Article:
SE-0328: Structural opaque result types

With SE-0328, you can create some P in parameter position easily with typealias, even if we ban bare some P in that position.

typealias Closure<T> = (T) -> ()
let closure: Closure<some Numeric> = { (x: Int) in print(x) }

typealias using type parameter more than once creates same-type constraint:

typealias Tuple<T> = (T, T)

// t0.0 and t0.1 have the same type, but t1.0 and t1.1 don't necessarily have the same type
let t0: Tuple<some Numeric> = (0, 0)   
let t1: (some Numeric, some Numeric) = (0, 0)

However, when it is only once that the type parameter is used, the behavior should be consistent with its expanded form, because there are no additional constraint. Therefore, I think it's natural to expect (some P) ->() and Closure<some P> to behave in the same way.

There are only two possible plans: whether to accept bare some P in parameter position or not. While acceptance of that is supported by the argument that the behavior of (some P) -> () should be equal to that of Closure<some P>, banning is supported only from the view of 'future direction'.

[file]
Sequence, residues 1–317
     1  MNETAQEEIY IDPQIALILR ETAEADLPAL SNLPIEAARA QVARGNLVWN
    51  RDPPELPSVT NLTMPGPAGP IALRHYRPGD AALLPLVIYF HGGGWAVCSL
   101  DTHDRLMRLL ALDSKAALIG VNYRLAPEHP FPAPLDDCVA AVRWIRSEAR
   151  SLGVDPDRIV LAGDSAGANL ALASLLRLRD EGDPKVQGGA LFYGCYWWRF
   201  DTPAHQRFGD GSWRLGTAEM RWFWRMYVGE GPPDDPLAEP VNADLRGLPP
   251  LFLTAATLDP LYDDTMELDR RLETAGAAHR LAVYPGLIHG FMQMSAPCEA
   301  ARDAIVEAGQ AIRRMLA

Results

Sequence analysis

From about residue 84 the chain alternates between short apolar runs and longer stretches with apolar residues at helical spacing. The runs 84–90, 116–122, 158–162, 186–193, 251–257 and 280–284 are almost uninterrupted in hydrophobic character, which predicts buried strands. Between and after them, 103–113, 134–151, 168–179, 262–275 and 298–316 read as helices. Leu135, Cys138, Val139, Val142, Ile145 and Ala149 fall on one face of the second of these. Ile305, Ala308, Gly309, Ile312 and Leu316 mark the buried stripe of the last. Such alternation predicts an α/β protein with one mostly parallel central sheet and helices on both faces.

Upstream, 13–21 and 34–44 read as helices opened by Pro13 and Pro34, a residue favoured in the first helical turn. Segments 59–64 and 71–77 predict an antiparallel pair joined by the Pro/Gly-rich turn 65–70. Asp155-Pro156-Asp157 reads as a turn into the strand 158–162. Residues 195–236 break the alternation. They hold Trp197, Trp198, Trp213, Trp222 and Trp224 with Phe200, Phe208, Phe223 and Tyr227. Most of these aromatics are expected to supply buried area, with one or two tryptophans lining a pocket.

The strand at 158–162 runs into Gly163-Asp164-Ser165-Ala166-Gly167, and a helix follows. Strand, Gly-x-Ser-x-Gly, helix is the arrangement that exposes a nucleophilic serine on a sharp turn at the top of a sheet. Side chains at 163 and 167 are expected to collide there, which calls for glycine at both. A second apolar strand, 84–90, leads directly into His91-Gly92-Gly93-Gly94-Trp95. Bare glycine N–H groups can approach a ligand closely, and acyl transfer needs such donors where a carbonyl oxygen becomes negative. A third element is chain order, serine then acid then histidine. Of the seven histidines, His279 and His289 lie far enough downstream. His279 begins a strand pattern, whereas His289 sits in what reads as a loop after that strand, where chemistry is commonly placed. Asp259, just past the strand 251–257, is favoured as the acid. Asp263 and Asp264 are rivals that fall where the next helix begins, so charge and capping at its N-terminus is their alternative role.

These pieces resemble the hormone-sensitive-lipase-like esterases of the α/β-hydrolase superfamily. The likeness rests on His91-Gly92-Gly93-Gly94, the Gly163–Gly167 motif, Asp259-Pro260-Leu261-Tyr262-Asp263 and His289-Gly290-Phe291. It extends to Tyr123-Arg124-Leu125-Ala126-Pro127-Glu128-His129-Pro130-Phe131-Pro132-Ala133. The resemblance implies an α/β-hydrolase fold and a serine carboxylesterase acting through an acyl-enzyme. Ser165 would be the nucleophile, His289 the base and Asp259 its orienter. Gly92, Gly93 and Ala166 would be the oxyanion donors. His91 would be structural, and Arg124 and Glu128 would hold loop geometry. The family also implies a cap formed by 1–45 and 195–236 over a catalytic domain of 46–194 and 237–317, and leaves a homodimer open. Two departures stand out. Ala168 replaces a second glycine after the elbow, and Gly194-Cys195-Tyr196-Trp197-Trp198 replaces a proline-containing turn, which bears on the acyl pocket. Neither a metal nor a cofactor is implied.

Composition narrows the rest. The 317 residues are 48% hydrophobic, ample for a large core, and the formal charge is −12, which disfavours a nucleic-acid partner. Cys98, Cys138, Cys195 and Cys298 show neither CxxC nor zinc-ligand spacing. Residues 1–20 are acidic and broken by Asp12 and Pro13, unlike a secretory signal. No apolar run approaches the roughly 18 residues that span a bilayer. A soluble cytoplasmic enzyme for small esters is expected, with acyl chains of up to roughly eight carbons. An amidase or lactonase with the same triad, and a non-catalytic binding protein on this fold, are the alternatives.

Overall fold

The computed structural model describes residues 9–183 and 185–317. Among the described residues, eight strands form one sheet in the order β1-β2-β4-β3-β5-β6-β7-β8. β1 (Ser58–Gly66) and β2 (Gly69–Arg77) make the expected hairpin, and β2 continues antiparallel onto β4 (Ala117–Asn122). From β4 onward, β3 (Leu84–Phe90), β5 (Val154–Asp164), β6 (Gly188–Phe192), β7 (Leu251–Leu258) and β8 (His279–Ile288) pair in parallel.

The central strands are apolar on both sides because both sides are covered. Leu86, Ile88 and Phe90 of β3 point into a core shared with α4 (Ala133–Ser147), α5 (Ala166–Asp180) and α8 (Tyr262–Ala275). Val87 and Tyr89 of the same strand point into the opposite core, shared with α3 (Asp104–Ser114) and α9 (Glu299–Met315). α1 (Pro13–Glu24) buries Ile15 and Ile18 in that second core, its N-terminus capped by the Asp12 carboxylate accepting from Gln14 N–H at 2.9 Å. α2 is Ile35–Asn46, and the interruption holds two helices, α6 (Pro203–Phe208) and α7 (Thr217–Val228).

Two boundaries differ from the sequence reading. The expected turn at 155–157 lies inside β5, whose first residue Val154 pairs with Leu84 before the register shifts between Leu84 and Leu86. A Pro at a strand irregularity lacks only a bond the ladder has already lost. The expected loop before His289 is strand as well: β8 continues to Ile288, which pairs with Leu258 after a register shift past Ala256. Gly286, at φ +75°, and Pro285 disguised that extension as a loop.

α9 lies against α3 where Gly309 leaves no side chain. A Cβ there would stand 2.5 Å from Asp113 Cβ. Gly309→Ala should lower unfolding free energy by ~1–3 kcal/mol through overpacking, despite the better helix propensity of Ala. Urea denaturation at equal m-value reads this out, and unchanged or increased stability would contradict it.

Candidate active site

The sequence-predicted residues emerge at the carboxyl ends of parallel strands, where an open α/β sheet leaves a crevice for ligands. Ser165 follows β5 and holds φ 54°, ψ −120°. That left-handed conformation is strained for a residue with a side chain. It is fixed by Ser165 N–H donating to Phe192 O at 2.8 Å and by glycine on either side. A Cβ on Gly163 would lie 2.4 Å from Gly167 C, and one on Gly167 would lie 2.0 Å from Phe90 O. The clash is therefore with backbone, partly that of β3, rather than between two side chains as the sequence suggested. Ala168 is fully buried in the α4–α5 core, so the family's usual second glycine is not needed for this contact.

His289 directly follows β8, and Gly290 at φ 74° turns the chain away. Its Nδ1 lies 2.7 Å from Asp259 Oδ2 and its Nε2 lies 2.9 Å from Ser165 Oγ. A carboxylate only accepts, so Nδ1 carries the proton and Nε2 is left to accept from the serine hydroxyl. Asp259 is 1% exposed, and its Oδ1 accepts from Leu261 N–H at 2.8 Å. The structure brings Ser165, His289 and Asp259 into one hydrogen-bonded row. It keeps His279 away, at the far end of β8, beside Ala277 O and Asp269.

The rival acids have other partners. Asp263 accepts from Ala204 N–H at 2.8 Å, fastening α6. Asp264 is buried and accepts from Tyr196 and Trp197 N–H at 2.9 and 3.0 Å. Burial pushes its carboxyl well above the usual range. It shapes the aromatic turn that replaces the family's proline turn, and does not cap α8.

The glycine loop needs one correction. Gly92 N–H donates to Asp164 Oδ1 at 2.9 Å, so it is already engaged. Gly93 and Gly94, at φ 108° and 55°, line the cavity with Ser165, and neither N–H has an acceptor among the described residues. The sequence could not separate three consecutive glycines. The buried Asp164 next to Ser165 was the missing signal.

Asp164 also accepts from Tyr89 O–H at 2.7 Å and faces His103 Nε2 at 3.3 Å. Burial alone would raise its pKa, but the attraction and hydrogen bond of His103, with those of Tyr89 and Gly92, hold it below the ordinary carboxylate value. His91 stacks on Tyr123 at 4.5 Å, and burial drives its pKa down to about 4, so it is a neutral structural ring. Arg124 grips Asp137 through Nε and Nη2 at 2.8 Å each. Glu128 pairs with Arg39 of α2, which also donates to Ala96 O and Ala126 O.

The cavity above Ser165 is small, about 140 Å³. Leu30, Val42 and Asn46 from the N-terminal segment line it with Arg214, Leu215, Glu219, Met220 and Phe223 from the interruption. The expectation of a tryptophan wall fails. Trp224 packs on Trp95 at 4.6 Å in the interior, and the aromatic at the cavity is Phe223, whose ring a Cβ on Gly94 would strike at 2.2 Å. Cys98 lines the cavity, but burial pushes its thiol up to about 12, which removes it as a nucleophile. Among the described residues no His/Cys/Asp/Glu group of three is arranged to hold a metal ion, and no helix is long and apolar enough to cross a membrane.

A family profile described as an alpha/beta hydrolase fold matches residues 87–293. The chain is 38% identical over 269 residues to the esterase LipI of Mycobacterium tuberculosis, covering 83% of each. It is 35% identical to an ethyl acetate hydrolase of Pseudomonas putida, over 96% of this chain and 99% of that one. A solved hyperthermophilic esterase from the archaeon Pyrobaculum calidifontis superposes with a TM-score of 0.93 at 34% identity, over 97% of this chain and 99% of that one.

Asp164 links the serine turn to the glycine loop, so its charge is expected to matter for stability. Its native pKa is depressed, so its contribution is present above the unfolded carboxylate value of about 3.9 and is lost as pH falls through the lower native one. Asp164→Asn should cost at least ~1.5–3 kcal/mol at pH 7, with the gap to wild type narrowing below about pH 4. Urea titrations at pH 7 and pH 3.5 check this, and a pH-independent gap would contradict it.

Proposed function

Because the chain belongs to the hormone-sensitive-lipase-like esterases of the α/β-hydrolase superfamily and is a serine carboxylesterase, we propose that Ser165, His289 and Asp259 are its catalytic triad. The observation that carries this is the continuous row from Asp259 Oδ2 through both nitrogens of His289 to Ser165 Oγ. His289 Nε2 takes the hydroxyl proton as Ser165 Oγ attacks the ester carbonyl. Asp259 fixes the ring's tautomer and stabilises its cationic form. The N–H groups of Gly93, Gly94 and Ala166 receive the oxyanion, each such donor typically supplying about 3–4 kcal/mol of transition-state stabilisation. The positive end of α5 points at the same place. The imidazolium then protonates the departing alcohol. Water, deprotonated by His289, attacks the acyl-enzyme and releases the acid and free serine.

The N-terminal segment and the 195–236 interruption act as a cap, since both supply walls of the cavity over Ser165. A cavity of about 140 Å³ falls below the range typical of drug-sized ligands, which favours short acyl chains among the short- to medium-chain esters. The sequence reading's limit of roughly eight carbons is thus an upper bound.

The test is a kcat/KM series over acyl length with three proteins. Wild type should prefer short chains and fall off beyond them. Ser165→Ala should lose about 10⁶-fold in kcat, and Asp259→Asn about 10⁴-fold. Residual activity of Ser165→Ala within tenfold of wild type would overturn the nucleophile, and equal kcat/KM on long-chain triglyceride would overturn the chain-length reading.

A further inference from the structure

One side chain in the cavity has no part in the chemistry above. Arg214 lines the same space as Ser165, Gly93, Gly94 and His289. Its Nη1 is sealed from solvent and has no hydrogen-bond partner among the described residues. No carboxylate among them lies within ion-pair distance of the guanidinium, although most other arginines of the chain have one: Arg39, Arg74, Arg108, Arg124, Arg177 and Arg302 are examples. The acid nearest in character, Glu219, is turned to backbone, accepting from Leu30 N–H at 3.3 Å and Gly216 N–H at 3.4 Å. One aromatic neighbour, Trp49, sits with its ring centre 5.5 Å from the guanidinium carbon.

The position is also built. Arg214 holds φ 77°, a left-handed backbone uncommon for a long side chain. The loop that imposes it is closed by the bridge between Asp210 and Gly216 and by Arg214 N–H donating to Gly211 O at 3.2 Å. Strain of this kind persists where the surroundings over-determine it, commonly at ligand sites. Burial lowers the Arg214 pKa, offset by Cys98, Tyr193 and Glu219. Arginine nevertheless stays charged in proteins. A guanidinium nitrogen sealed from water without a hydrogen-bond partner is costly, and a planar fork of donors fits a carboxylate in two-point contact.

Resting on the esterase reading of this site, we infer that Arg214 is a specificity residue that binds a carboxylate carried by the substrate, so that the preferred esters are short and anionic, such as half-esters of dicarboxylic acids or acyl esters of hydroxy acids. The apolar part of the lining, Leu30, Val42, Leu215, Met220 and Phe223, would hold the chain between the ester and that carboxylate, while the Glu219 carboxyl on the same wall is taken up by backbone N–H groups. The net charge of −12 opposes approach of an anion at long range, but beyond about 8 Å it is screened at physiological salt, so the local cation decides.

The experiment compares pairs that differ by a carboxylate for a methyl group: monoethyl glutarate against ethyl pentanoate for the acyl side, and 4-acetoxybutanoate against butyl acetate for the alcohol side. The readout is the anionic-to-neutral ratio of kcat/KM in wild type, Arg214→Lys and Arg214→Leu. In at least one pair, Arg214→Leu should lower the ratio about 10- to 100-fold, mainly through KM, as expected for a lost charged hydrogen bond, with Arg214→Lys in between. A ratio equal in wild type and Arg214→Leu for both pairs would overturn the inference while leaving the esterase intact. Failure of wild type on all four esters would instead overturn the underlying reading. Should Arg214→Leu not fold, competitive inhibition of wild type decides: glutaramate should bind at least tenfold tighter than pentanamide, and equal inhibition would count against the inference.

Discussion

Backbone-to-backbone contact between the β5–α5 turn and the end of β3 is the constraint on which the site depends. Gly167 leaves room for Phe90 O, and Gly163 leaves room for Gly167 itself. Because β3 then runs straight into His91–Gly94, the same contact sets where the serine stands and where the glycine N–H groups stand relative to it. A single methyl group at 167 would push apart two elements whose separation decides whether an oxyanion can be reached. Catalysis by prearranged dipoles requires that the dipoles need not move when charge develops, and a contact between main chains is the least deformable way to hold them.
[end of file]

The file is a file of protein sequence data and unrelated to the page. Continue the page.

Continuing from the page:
I'm not strongly opposed to ruling out bare some P in parameter position from SE-0328, because they can be added in the future. But typealias can create some P in parameter position easily, and (some P) -> () as Closure<some P> is pretty natural interpretation. Banning them seems too artificial limitation to me.

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I have followed the discussion around some P in parameter position for a while now and wanted to add my two cents to it.

For me some P indicates: This is some specific type which is chosen by the callee and I (the caller) cannot see, which type got chosen exactly.
The sugar that many people want now (namely that func foo(_ bar: some P) is equal to func foo<T: P>(_ bar: T)) doesn't fit with that description of some P at all.

I would much rather want that some P in parameter position means what it already means today (at least in diagnostics and quick help).
This would just work with closures, since we could just write:

let closure: (some BinaryInteger) -> () = { (value: Int) in
    // ...
}

to get the desired behaviour.
With normal functions however, that wouldn't work like it works with closures. Here we would need a way to tell the compiler what the actual underlying type is. I could imagine some syntax like

func foo(_ bar: some BinaryInteger) where bar: Int {}

but this feels a bit strange, because normally everything in the where clause is part of a function's signature, but here it would be not.
So maybe we would have to find a better syntax for that, but I still think that this functionality of some P in parameter position would be more consistent than that it sugars a (very simple to write) generic function.